At the same time, however, the child's ignorance of the dangers and complexities of the world is a reminder that we cannot simply retreat into a state of innocence and simplicity. We must engage with the world around us, even as we recognize its flaws and imperfections. Sandburg seems to be suggesting that the key to navigating this complex world lies in our ability to communicate with each other and with the world around us in a way that is both honest and respectful.


"Under A Telephone Pole" is a masterful work of American poetry that continues to resonate with readers today. Through his use of vivid imagery, repetition, and enjambment, Sandburg creates a rich and detailed picture of the urban landscape and the complexities of modern communication. The poem's themes of nature, communication, and innocence provide a powerful meditation on the challenges of modern life, and a reminder of the importance of engaging with the world around us.

Editor 2 Analysis and Explanation

Poetry Under A Telephone Pole: An Analysis of Carl Sandburg's Classic

Carl Sandburg's Poetry Under A Telephone Pole is a classic poem that has stood the test of time. It is a poem that captures the essence of life in the city, and the beauty that can be found in the most unexpected places. In this analysis, we will take a closer look at the poem and explore its themes, imagery, and language.

The poem begins with the speaker describing a scene in the city. They are standing under a telephone pole, and they notice a piece of paper stuck to it. The paper is a poem, and the speaker begins to read it. The poem is about the city, and it captures the energy and excitement of urban life. The speaker is struck by the beauty of the poem, and they are moved by its words.

The first theme that emerges in the poem is the idea of beauty in unexpected places. The speaker is standing under a telephone pole, which is not typically considered a beautiful or inspiring location. However, they find a piece of poetry there, and it transforms the space into something special. This theme is reinforced throughout the poem, as the speaker describes the beauty of the city and its people. They see beauty in the chaos of the streets, the noise of the traffic, and the diversity of the people.

Another theme that emerges in the poem is the idea of connection. The speaker is connected to the poet who wrote the piece of paper they found, even though they do not know them personally. They are also connected to the city and its people, and they feel a sense of belonging in this urban environment. This theme is reinforced by the language of the poem, which is full of sensory details that bring the city to life. The reader can almost feel the energy of the city and the people who inhabit it.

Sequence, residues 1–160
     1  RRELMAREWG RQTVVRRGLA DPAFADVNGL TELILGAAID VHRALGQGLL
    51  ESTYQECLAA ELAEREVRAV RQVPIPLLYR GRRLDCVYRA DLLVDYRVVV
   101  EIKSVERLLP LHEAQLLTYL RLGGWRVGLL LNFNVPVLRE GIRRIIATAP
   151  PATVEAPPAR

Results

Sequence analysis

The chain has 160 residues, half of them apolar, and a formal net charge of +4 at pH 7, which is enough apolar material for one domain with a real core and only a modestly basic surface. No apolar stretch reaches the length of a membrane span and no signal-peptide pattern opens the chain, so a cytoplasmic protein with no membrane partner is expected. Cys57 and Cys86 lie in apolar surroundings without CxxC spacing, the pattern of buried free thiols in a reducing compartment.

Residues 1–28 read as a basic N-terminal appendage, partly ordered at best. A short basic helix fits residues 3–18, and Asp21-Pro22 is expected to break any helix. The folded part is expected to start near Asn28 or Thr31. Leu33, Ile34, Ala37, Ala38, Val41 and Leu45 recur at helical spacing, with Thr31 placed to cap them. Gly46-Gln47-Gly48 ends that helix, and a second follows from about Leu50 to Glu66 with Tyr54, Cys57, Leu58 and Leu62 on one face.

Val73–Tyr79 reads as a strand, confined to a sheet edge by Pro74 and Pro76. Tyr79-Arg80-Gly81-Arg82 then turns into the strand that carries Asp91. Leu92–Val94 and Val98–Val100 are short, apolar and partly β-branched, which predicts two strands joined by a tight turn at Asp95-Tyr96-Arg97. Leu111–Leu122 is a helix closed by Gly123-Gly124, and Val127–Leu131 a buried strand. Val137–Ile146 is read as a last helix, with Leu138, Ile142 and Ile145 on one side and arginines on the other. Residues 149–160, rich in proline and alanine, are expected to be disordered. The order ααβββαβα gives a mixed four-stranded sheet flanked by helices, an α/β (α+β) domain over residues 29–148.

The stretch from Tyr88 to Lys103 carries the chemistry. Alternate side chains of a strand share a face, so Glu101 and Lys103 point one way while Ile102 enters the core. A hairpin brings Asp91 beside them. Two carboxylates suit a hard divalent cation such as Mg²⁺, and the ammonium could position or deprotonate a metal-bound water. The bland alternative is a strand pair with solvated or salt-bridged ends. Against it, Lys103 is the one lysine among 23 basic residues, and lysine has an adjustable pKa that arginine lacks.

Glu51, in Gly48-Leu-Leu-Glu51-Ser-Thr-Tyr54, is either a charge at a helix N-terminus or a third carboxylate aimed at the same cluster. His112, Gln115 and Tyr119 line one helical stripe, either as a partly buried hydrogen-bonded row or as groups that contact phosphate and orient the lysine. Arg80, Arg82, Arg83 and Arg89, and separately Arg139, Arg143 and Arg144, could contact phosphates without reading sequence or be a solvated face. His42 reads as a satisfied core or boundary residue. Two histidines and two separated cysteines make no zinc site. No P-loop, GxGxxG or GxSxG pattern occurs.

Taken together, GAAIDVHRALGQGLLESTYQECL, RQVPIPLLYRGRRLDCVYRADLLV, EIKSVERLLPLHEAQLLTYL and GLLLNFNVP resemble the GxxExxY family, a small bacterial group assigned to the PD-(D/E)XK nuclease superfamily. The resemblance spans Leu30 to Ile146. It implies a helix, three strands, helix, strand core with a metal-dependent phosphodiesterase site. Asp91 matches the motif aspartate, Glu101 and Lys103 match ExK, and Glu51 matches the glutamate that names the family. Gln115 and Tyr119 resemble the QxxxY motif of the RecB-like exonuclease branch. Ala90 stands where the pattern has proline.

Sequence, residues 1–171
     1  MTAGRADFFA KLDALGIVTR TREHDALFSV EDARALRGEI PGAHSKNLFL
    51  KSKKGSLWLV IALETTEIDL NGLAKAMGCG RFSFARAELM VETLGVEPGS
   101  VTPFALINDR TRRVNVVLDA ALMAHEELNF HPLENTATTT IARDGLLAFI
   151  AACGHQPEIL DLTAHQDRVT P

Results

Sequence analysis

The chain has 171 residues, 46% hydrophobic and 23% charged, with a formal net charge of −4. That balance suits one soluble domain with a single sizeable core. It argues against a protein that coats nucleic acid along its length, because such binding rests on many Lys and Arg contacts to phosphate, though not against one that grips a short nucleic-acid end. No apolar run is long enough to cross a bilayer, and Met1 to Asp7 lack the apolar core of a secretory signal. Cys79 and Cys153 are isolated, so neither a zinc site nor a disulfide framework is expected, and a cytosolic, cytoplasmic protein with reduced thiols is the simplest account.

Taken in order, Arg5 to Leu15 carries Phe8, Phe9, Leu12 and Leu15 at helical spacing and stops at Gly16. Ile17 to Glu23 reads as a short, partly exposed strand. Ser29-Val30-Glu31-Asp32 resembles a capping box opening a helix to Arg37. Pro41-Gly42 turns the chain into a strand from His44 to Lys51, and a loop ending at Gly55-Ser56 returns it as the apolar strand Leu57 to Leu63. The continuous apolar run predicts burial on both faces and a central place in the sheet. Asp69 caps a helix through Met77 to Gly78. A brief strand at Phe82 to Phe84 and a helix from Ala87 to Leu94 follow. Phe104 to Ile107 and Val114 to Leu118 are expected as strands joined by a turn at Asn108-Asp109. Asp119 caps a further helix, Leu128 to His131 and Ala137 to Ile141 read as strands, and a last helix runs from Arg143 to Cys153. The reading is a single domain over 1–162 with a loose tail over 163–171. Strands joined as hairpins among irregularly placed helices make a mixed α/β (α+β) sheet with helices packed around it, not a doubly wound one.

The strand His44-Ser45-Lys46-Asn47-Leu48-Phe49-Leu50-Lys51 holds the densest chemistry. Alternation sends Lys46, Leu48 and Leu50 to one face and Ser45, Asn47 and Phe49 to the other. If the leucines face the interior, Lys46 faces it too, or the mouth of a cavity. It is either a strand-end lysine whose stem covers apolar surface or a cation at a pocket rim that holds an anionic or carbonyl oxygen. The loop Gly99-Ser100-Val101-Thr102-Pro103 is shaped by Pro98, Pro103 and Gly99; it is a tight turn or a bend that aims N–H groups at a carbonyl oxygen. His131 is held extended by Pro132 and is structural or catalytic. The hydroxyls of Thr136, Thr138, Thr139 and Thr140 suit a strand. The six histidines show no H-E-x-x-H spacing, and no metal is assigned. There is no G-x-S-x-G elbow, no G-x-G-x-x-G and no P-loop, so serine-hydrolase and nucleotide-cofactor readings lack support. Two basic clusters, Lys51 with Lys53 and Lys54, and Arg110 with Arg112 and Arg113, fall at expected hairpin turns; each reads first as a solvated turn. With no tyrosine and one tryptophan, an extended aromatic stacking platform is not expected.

The imagery in the poem is also noteworthy. Sandburg uses vivid language to paint a picture of the city. He describes the "whirl of faces" and the "clangor of wheels" that can be found on the streets. He also uses sensory details to describe the sounds and smells of the city, such as the "smell of the river" and the "singing of the electric wires." This imagery helps to create a sense of place and to transport the reader to the city streets.

The language of the poem is also worth examining. Sandburg uses simple, direct language that is accessible to all readers. He does not use flowery or ornate language, but instead relies on concrete details to convey his message. This makes the poem easy to understand and appreciate, even for readers who may not be familiar with poetry.

The poem is also notable for its use of repetition. Sandburg repeats the phrase "under a telephone pole" throughout the poem, which creates a sense of rhythm and reinforces the central image of the poem. This repetition also serves to emphasize the idea that beauty can be found in unexpected places.

In conclusion, Poetry Under A Telephone Pole is a classic poem that captures the beauty and energy of urban life. It explores themes of beauty in unexpected places and connection to others, and it uses vivid imagery and simple language to create a sense of place. The poem is a testament to the power of poetry to transform even the most mundane locations into something special. It is a poem that continues to resonate with readers today, and it is a testament to the enduring legacy of Carl Sandburg as a poet.